Syndrome: Some diseases and disorders resist definition. They are characterized by a shifting constellation of difficulties rather than a fixed list of symptoms. (Think: chronic fatigue.) Syndromes have an internal synergy that makes them tricky to recognize and treat. It can be hard to discern the syndrome’s causes from its effects, or to understand which effects of some of the causes cause new effects which cause the worst effects of all.
Mankind. That’s everybody, right? All of humanity. Sure, there’s the problematic “man” in there, but it’s the kind of man that stands in for “people.” Humankind, if you will. Everybody. Us, and even them. Right?
One of the symptoms of Mankind Syndrome is hearing or repeating the phrase “for all mankind” without a frisson of dys-recognition shimmering through the nervous system.
Mankind Syndrome has been an affliction of powerful white men since the dawn of western civilization. But it isn’t necessarily about men. Or white people.
Mankind Syndrome is an affliction of the belief system. It is the notion that certain beliefs are so reasonable and self-evident that they can be construed as facts that apply to “all mankind.” Under the delusions of Mankind Syndrome, someone can think it possible for one person to know what creates meaning for all humans.
One who is afflicted with Mankind Syndrome is convinced that there is an optimal way to be human and a best way to organize human societies. Hobbled by Mankind Syndrome, a person ponders the problems that beset “all mankind” and aims for solutions that will benefit anyone who belongs to that group.
Mankind Syndrome circumscribes how origin stories, moralities, and theories of the invisible bring meaning and coherence to life. It recognizes only a subset of the possibilities as worthwhile.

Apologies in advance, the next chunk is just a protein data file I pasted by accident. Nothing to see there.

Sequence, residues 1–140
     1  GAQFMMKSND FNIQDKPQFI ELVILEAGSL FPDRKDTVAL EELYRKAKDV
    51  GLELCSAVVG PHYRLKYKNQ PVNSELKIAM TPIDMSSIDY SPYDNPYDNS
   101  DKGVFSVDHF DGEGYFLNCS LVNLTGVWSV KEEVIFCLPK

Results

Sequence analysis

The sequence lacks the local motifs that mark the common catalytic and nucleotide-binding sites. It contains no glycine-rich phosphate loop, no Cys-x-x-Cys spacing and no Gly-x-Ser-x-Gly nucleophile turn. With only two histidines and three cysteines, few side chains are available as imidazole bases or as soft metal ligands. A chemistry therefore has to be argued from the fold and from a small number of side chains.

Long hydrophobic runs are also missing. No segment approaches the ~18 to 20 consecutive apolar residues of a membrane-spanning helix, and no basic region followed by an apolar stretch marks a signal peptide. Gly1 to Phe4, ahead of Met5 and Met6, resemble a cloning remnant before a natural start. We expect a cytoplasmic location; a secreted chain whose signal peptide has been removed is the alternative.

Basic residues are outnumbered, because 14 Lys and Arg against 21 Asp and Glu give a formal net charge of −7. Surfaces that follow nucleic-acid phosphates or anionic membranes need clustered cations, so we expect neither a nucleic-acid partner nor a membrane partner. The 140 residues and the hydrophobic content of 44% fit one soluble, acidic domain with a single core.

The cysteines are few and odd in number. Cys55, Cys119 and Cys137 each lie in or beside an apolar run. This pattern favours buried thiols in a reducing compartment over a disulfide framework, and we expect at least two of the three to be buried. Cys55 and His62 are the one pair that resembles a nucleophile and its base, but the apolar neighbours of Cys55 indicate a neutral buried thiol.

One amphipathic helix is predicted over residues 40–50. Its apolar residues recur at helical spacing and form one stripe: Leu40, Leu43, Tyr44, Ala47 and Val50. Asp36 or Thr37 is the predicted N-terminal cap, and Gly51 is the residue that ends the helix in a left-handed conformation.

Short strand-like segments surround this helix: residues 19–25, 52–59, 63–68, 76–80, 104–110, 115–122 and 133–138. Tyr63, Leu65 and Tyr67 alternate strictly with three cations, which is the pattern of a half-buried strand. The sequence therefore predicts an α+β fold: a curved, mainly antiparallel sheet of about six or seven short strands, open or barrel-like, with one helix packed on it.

Mankind Syndrome propagates and maintains itself in language, cultural symbols and behavior. It manifests through information that is disseminated and information that is ridiculed, suppressed, and unnoticed. Among its favorite horses to ride are words like “we” and “us.”
For instance, in Buzz: The Nature and Necessity of Bees, a wide-ranging work that explores the role of wild bees in the environment and the imagination, wildlife biologist Thor Hanson describes the bee-hunting tactics of the Hazda people of Tanzania and speculates on the importance of honey in their overall nutrition. Because the Hazda are “people getting their nutrition from a subsistence way of life in the same location where our species arose,” he concludes, “they have much to teach us.”
Hanson comes off as an intelligent, compassionate guy. His isn’t the voice of some arrogant ethnocentrist. But–Us?
Who is this “us?” Does it include the Hazda? Will they be learning, or just teaching? How much of what “us” needs to be taught do “they” already know? Who writes the curriculum? What about “our species?” This would be the species that belongs to “us?” It’s unclear whether the Hazda own it, too.
Mankind Syndrome shrinks whatever it touches. It invites comparison and thus erodes a person’s confidence. It can make people disappear altogether. And when they disappear, who is it that can’t see them?
The pain of Mankind Syndrome radiates beyond those whose thinking processes are crimped by it. Daily, Mankind Syndrome injures many pegs of many shapes by shaving away any aspect that is irrelevant to the square holes slapped on top of them.